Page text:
Featured photo: Maya Campbell, Spanish instructor.
By Susan Robertson | Courtesy Photos
It’s not unusual to hear the strains of guitar music coming from a classroom at the Tennessee Language Center (TLC) during a Spanish class. That’s because Spanish Instructor Maya Campbell incorporates music into her classes, especially at the beginning level.
“I go with popular songs that students are likely to have heard and the lyrics echo in their minds; now they just put meaning to it. It is a natural process,” Campbell says. “The lyrics can reinforce vocabulary and grammar. For example, when they are learning ‘I am’ and ‘I am not,’ ‘La Bamba’ is the perfect song. ‘Yo no soy marinero. Soy capitan.’” The English translation—I’m not a sailor, I’m a captain.
Campbell said her students love when they finally understand the meaning of popular tunes.
The language center, which became a part of the UT Institute for Public Service in 2018, offers world language programs, language training, English classes, and interpretation and translation. Language training and English classes use music, film and other forms of art to help students learn.
“Language learning is much more than developing linguistic competence (e.g., vocabulary and grammar) through art, be it textual or visual. You are having the opportunity to access another perspective through another language, and this leads to intercultural competence and communication,” says C. Brian Barnett, director of world languages at TLC.
Several months ago, Barnett taught an advanced French class on Francophone Louisiana. He used the play Mille Miséres to show students an example of how Louisiana French vocabulary looked and sounded. Students read the play and watched a taped performance of it. In addition to exposing students to the language, the play examines the cultural conflict in Louisiana with keeping a French identity, language and traditions.
“I chose this play because its themes are relevant in understanding the French culture past and present in Louisiana,” Barnett says.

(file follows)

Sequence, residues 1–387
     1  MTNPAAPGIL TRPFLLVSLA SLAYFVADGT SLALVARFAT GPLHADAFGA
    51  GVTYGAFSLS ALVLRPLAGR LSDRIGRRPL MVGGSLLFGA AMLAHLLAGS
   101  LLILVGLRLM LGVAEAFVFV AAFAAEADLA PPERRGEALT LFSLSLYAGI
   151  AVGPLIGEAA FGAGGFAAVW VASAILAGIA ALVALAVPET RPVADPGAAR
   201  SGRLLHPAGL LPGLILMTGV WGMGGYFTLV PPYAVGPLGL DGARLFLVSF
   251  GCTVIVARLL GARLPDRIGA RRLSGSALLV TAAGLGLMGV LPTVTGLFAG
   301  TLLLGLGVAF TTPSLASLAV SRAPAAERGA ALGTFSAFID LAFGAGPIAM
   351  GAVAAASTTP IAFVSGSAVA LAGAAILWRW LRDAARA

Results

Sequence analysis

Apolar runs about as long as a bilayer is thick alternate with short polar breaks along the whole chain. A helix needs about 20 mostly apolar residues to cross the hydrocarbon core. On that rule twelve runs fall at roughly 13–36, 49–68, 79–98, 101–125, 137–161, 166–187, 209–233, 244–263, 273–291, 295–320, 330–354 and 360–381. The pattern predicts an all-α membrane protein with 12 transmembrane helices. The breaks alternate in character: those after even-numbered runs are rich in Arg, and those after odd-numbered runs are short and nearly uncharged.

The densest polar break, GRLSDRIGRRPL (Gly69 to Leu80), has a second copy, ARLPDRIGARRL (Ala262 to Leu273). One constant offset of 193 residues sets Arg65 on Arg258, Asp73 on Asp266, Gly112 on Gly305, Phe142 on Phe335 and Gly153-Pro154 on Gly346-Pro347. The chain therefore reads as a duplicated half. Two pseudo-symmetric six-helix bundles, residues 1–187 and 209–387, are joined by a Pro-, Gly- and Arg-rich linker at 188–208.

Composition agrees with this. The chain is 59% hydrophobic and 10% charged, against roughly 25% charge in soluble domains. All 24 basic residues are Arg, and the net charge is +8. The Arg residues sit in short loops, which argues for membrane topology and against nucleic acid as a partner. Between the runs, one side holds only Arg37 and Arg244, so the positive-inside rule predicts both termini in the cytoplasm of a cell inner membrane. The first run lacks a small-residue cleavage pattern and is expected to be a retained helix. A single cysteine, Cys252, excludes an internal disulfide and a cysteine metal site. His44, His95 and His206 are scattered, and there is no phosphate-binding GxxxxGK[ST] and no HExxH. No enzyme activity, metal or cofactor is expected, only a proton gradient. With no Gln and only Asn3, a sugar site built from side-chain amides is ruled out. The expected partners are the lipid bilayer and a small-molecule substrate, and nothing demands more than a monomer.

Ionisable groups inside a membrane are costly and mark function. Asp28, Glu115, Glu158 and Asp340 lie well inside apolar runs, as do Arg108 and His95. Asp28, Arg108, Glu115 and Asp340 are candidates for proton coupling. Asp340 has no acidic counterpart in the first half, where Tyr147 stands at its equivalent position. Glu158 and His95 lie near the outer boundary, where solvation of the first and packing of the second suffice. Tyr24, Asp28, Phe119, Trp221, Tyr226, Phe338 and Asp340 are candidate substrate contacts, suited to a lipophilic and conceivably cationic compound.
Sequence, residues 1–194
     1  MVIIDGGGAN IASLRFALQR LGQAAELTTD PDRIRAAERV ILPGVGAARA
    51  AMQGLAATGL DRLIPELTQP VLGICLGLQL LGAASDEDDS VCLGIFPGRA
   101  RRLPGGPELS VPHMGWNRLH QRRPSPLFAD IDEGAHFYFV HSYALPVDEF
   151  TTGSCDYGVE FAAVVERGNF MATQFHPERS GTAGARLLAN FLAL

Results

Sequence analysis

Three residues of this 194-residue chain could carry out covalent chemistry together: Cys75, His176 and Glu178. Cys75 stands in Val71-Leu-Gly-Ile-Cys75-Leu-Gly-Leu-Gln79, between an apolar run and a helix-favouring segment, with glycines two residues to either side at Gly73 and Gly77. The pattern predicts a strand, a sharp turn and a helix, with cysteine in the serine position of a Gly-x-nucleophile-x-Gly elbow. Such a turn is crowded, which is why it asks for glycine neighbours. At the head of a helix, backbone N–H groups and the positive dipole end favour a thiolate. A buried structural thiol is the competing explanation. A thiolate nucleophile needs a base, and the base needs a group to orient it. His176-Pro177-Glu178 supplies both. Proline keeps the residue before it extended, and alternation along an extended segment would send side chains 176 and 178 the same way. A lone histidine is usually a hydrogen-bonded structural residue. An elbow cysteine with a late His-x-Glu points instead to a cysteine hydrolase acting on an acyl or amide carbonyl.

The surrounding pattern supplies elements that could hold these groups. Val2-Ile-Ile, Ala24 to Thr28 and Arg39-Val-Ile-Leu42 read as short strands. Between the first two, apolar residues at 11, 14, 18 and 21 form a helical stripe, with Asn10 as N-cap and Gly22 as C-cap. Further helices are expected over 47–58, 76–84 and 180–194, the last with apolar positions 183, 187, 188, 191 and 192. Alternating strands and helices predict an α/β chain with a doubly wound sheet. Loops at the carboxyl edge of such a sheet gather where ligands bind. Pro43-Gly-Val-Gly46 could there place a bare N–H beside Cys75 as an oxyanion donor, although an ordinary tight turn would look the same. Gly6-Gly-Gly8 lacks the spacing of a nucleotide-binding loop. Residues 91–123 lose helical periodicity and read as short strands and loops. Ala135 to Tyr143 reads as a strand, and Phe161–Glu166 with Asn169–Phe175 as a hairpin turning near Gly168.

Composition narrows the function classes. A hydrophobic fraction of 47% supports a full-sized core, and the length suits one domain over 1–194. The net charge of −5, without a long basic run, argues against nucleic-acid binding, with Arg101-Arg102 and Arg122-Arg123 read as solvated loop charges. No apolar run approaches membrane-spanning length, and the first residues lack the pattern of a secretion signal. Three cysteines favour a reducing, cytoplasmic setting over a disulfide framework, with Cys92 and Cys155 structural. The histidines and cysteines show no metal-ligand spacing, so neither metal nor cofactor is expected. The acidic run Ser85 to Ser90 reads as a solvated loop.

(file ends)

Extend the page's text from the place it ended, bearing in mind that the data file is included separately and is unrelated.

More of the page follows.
Another form of art that shows up in TLC’s Japanese classes is calligraphy. Calligraphy means the art of producing decorative handwriting or lettering, and in Japan it is known as shosha, which means character learning. The main obstacle in learning Japanese is the characters. Japanese is a language that uses a wide variety of character types, including hiragana, katakana and kanji, so learners of Japanese face this difficulty in the early stages. Calligraphy is an effective way to learn Japanese characters, which is the basis of Japanese language study.
“The requirement for my class is to have completed Japanese Survivor 1 (beginner level). This is the A1 level where students learn about the history and usage of the characters used in the Japanese language, read and write hiragana, read and write katakana, and have learned a limited number of kanji,” Tomi Kawamura, instructor, says. “While this minimum requirement is an ideal level to start learning calligraphy, learning calligraphy at any stage from intermediate to advanced can make a significant contribution to one’s Japanese proficiency.”
Kawamura said many students comment that they didn’t realize how difficult it is to write just one stroke of a character, but they also express satisfaction with how it has helped them learn the language as well as the art of calligraphy.